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Illness reports force FedEx facility evacuation

Casey Grove
Emergency personnel respond after a mysterious illness struck some workers at the Anchorage FedEx sort facility Thursday afternoon Dec. 20, 2012 at Ted Stevens Anchorage International Airport. Employees were temporarily evacuated from the warehouse-style building on Postmark Drive.
Erik Hill
Emergency vehicles are parked outside the northeast corner of the FedEx building on Dec. 20.
Erik Hill

A mysterious illness that struck some workers at the Anchorage FedEx sorting hub Thursday caused airport police and firefighters to evacuate the large warehouse-style building on Postmark Drive. But it wasn't immediately clear why they got sick and the building was later reopened.

The facility was shut down from about 3 to 4 p.m. after four workers at the facility reported feeling sick, according to Tennessee-based FedEx spokeswoman Shea Leordeanu.

One or two of them were rushed to an Anchorage hospital for evaluation, while about 150 others took shelter in the company's hangar, said Jesse Davis, chief of the police and fire department at Ted Stevens Anchorage International Airport.

Firefighters trained to detect and deal with hazardous materials spills wore protective suits and swept through the 500,000-square-foot building with sensors, Davis said. They found no sign of such a spill, he said.

Workers were allowed back in just after 4 p.m. and were again sorting the tens of thousands of packages flowing to and from cargo planes during the company's peak holiday shipping season, Leordeanu said.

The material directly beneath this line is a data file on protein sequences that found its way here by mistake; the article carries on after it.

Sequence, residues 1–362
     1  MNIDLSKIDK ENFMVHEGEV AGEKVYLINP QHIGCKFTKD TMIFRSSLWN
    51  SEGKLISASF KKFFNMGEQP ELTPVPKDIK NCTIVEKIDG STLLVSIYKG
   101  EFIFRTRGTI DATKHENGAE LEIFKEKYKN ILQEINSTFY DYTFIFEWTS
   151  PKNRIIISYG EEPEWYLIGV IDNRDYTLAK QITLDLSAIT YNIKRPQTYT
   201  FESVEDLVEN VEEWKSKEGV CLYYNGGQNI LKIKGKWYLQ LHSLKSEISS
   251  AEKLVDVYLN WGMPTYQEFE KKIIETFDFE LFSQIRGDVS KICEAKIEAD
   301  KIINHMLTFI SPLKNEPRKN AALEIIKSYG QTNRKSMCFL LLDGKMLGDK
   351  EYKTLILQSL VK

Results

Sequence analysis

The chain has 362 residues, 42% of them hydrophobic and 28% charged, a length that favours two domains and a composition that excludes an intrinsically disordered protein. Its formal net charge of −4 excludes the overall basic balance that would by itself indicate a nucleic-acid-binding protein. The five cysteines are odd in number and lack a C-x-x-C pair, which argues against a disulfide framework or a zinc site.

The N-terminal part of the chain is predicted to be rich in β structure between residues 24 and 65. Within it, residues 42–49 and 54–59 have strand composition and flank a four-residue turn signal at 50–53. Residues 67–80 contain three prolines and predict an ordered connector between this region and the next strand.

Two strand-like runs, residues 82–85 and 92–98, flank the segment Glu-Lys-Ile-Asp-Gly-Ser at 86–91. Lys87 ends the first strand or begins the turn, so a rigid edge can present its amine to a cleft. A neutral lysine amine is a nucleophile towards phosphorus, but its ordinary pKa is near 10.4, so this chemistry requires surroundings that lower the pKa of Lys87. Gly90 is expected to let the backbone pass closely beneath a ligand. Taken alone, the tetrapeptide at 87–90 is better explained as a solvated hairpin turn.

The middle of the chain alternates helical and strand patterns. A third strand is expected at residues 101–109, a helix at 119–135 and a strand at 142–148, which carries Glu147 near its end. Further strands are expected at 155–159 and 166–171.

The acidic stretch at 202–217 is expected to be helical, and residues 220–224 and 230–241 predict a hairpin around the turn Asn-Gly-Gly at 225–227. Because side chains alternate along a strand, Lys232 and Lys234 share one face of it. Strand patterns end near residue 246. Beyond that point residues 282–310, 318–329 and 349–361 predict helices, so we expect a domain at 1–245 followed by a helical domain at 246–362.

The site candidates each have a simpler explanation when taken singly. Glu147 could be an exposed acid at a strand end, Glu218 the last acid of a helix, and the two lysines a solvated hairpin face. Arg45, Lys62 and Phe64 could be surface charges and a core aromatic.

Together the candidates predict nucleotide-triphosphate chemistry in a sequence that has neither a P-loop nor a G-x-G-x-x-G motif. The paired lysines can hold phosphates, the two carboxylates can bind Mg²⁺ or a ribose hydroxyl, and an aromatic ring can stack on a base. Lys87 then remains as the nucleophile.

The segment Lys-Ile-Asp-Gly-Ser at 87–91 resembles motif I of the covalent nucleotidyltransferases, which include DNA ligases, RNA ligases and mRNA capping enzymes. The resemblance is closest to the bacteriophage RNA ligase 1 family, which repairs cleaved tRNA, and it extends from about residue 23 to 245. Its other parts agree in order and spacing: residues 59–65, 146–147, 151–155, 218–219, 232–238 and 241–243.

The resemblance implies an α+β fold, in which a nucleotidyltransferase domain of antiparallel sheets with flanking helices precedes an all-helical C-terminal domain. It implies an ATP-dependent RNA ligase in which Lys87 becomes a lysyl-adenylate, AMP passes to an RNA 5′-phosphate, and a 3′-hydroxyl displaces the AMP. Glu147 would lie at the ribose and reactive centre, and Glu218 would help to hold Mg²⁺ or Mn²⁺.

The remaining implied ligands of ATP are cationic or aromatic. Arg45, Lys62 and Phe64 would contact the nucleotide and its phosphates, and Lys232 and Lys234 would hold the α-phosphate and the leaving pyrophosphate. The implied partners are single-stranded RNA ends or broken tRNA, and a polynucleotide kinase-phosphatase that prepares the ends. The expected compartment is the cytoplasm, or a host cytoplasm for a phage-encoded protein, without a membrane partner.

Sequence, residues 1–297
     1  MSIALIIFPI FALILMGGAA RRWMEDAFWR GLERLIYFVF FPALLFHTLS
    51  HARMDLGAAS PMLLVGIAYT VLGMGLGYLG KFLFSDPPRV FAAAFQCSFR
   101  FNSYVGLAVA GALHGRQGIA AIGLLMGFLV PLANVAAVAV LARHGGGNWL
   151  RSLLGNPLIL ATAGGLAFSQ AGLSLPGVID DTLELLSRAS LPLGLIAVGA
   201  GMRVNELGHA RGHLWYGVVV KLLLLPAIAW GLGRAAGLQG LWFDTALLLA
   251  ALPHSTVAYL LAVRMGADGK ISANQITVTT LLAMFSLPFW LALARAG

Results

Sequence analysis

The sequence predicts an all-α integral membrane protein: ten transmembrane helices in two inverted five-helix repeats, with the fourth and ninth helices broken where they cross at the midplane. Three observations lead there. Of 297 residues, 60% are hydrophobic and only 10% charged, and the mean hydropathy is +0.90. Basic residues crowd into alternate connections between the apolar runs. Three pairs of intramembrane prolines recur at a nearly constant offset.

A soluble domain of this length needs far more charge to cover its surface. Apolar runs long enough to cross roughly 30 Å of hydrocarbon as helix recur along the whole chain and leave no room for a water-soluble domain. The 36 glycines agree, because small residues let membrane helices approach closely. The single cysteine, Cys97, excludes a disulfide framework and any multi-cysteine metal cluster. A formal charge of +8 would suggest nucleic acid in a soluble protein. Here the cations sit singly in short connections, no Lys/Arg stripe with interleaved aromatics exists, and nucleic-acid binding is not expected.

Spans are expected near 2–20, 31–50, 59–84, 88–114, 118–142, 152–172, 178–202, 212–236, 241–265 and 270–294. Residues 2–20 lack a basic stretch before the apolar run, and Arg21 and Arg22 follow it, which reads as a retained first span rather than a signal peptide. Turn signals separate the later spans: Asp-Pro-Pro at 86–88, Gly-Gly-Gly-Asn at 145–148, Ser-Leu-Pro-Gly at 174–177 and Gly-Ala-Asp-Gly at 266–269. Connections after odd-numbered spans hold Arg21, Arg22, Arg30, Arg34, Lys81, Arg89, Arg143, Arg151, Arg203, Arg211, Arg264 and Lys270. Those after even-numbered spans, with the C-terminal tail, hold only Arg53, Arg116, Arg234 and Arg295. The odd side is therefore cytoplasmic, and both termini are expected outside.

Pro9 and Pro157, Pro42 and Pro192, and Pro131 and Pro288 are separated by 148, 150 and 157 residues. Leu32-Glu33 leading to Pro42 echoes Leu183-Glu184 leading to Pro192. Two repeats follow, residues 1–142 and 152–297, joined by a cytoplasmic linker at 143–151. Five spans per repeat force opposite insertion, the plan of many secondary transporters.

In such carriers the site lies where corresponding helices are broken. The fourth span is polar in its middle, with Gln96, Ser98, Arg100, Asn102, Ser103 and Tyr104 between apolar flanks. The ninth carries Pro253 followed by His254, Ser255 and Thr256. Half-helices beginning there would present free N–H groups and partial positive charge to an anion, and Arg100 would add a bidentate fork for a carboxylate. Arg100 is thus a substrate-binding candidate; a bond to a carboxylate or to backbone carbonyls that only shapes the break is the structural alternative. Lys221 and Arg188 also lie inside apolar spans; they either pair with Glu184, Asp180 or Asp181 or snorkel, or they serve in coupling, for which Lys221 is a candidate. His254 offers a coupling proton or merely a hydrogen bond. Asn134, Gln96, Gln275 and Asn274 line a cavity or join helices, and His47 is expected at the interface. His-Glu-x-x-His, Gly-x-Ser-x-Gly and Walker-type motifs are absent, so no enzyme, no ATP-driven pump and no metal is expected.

"We're happy our conveyor belts are running again," she said. "This is crunch time."

The symptoms and severity of the workers' illness remained unclear late Thursday but all were expected to recover, Davis said. Everyone affected worked in the same area and emergency services personnel continued to search for a source of the sickness, the chief said.

"It could be anything from illness they brought with them, to food poisoning -- anything. That's why we don't just pack up and leave and try to ascertain what caused that," Davis said. "They've ruled out any carbon monoxide poisoning. So the next step would be to conduct a blood draw to see what it could've been. Once you have more than one person, that's cause for concern, especially in one area like that."

Davis said he was not sure what job duties the stricken workers performed and said it appeared unlikely their symptoms were the result of working with packages.

Airport Manager John Parrott said he did not anticipate any delays for passenger air traffic.

In the last weeks before Christmas, the sorting center's traffic goes from its usual 60,000 packages per day to about twice that, according to FedEx. The Anchorage sorting hub is one of the company's busiest, facilitating the delivery of goods, including electronics, from Asia to the United States, said Leordeanu, the FedEx spokeswoman.

"It is certainly is a very, very busy time of year for us," she said.

Reach Casey Grove at casey.grove@adn.com or 257-4589.


By CASEY GROVE
casey.grove@adn.com